Reduction in number and severity of crashes
Source: FHWA and IIHS
Several features of the modern roundabout promote safety. The safety benefits alone should be enough to convince roundabouts are a great idea. According to a study by the Institute for Highway Safety of locations where stop signs or traffic lights were replaced by roundabouts, all crashes were reduced by 37 percent and serious crashes fell by 75 percent, including a 90 percent reduction in fatalities. This means not only fewer crashes, but also most will be able to walk away from them.
At traditional intersections, some of the most common types of crashes are right-angle, left-turn, and head-on collisions. These types of collisions can be severe because vehicles may be traveling through the intersection at high speeds to "beat the red light." With roundabouts, these types of potentially serious crashes essentially are eliminated because vehicles travel in the same direction.
Installing roundabouts in place of traffic signals can also reduce the likelihood of rear-end crashes by reducing abrupt stops at red lights. The vehicle-to-vehicle conflicts that occur at roundabouts generally involve a vehicle merging into the circular roadway, with both vehicles traveling at low speeds – generally less than 25 mph in urban areas.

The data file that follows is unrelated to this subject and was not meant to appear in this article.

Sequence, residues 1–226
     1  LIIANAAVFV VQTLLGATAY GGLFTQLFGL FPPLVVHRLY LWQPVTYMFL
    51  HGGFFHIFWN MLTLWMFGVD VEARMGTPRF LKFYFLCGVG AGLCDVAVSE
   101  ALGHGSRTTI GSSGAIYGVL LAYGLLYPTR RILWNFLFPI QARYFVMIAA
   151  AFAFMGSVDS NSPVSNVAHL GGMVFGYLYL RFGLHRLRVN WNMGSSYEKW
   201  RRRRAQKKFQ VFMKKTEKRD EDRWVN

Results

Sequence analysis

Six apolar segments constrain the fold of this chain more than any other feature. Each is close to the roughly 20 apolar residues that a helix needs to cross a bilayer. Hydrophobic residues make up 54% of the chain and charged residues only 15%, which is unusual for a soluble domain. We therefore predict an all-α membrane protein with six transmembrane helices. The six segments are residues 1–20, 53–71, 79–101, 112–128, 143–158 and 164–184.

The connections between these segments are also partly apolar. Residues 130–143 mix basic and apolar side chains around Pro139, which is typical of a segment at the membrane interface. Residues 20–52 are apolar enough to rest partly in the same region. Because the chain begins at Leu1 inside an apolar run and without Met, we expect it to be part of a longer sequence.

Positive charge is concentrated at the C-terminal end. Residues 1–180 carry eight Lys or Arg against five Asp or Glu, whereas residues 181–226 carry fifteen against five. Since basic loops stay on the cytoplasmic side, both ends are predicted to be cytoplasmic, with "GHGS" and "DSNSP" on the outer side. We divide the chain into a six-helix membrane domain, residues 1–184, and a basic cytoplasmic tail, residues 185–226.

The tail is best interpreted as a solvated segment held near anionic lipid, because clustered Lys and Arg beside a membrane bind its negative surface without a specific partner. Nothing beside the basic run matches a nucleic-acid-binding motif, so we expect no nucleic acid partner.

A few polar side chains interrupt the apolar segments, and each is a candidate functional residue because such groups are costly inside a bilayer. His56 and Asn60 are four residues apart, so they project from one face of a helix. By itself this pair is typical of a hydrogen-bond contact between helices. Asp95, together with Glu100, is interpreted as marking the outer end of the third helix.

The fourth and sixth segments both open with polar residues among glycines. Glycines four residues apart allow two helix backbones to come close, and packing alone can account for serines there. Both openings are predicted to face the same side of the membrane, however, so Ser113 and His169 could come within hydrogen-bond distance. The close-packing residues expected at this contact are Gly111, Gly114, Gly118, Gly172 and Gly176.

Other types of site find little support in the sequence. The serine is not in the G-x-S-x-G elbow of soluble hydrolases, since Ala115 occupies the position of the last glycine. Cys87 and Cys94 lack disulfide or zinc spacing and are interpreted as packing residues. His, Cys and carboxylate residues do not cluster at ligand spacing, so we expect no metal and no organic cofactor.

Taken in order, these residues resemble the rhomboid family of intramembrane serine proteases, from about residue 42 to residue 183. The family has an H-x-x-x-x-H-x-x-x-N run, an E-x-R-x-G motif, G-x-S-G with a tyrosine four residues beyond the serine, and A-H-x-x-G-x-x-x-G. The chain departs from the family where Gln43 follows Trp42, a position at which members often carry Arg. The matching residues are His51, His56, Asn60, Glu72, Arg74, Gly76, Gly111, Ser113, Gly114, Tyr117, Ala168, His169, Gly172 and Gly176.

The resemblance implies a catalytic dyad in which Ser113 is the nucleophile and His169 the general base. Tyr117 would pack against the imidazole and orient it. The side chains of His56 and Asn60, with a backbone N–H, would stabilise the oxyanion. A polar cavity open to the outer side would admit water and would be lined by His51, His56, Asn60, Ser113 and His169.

A traditional intersection has 32 potential conflict points A roundabout has only 8 potential conflict points (roundabout conflict image).
Pedestrians need only cross one direction of traffic at a time at each approach as they traverse roundabouts, as compared with unsignalized intersections. In addition, crossing distances are relatively short, and traffic speeds are lower than at traditional intersections. The conflict locations between vehicles and pedestrians are reduced from 16 to 8 since conflicting vehicles come from a more defined path at roundabouts. In addition, the speeds of motorists entering and exiting a roundabout are reduced with good design.